David Cameron's claim to lead a "revolution of fairness" will be put to the test this week as the first wave of incapacity benefit claimants are ordered to find a job and the Treasury considers a plan to strip pensioners of universal benefits.
The Prime Minister uses an exclusive article in The Independent on Sunday to insist the fairness of the looming spending cuts cannot be measured by how much money the state spends on welfare.
But as the axe hovers over funding ahead of the spending review on 20 October, The Independent on Sunday has learnt that the winter fuel allowances paid to all over-60s could be restricted to the least well-off or taxed to limit the sum received by wealthy pensioners. It follows the row at the Tory party conference last week over plans to axe child benefit for high earners from 2013.
The move would strike at the heart of the principle of universal benefits for the elderly and fly in the face of assurances given by Mr Cameron that the payments would be "safe" under a Tory government. Some senior Tories oppose such a dramatic U-turn because of the damage it would cause to the Prime Minister's credibility.
However, with time running out to find the savings before George Osborne's Commons statement in 10 days' time, a number of earlier policy positions have already been abandoned. Business Secretary Vince Cable ditched his call for a "graduate tax" to fund university places.
But the move to alter the winter fuel allowance could prove the most explosive, as pensioners remain the most likely group to vote. It is understood the £250 payment could be limited to people who claim the benefit pension credit, saving £1.5bn a year – more than halving the cost of the scheme. Liberal Democrats are also pushing for the benefit to be taxed. Mr Cable has acknowledged that it is "odd" that he receives the payment.
Some ministers suggest raising the qualifying age from 60 to 66 – and cutting the basic payment. Lib Dem Energy Secretary Chris Huhne increased the pressure yesterday, when he said the fuel allowance had to be looked at "to make sure we're getting value for money".
Research by the charity Age UK reveals 40 per cent of the public believe the winter fuel allowance should be spared from cuts. In an experiment at each of the party conferences, the charity also surveyed an audience of Liberal Democrat, Labour and Conservative delegates to see how their views differed. Only 15 per cent of Tories said the allowance should be protected, dropping to 11 per cent of Lib Dems surveyed. Some 55 per cent of Lib Dems said the allowance was among the "two or three least important to protect from cuts".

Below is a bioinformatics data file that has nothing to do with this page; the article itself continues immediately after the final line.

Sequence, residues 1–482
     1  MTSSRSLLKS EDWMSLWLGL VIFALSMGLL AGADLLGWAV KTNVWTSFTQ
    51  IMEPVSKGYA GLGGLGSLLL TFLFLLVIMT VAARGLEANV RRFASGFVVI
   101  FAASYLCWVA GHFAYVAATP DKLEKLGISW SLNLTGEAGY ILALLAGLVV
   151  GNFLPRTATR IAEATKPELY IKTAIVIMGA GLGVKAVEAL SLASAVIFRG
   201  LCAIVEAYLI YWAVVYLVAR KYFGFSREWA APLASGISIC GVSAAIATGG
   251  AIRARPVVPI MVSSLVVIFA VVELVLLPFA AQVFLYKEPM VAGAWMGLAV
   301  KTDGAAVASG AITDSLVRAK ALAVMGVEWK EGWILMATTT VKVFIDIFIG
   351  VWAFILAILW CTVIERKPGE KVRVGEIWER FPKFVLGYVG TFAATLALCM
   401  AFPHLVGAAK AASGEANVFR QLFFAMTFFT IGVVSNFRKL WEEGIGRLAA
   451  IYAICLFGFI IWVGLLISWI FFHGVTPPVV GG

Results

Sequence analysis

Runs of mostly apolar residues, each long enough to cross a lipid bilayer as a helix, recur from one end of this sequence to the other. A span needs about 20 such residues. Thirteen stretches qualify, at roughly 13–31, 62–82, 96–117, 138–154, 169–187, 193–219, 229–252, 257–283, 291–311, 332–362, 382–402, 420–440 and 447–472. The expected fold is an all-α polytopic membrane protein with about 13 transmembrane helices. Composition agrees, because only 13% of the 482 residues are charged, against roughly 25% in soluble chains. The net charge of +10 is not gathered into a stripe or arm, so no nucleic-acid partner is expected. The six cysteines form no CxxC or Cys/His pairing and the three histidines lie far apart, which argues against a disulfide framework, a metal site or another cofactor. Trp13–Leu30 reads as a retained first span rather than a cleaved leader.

With the Government apparently signalling an end to universal benefits, the Age UK poll also showed 73 per cent of the public opposes means testing. Only half of Tories surveyed at the party conference agreed that "everyone who has worked hard and paid taxes all their life deserves the same support from the Government in old age".
Michelle Mitchell, Age UK's charity director, said: "With the lives of thousands of older people at risk if essential care services are cut, the Chancellor will not quickly be forgiven if he fails to support the oldest and frailest, who rely on public services the most."
The think-tank Demos said the Government's proposed benefit reforms would see 3.5 million disabled people miss out on £9.2bn by 2015 – with the plan to move disabled people on to jobseeker's allowance accounting for half the losses.
The first wave of long-term claimants of incapacity benefit will be ordered back to work from tomorrow as new figures reveal the bill for keeping two million people on the sick has topped £133bn in the past decade. Two pilots to reassess claimants for their fitness to work begin in Burnley and Aberdeen, with only those in genuine need allowed on to the employment and support allowance (ESA). A trial to assess all new claimants for ESA from October 2008 to November 2009 showed only 6 per cent were unable to work at all.
It comes as the Lib Dem minister in charge of the spending review said his party must take ownership of the cuts. Danny Alexander, the Chief Secretary to the Treasury, said the decisions made in the next 10 days would be "guided" by his party's values. In a speech at the Scottish Lib Dem conference, Mr Alexander warned the spending cuts will "have consequences for every single person in this country".
The coalition is also preparing changes to university funding that could lead to massive increases in the cost of gaining a degree. An independent review this week by Lord Browne is expected to lead to increased tuition fees, more expensive student loans and restricted access to grants.
Yesterday, Mr Cable wrote to Lib Dem activists admitting he had been wrong to propose a graduate tax, which was "clearly not the right vehicle". "While it is superficially attractive, an additional tax on graduates fails both the tests of fairness and deficit reduction," he said.
It was reported that senior ministers have already agreed that graduates in highly paid jobs should pay back more than the cost of their degrees, to subsidise those who are less successful.Reuse content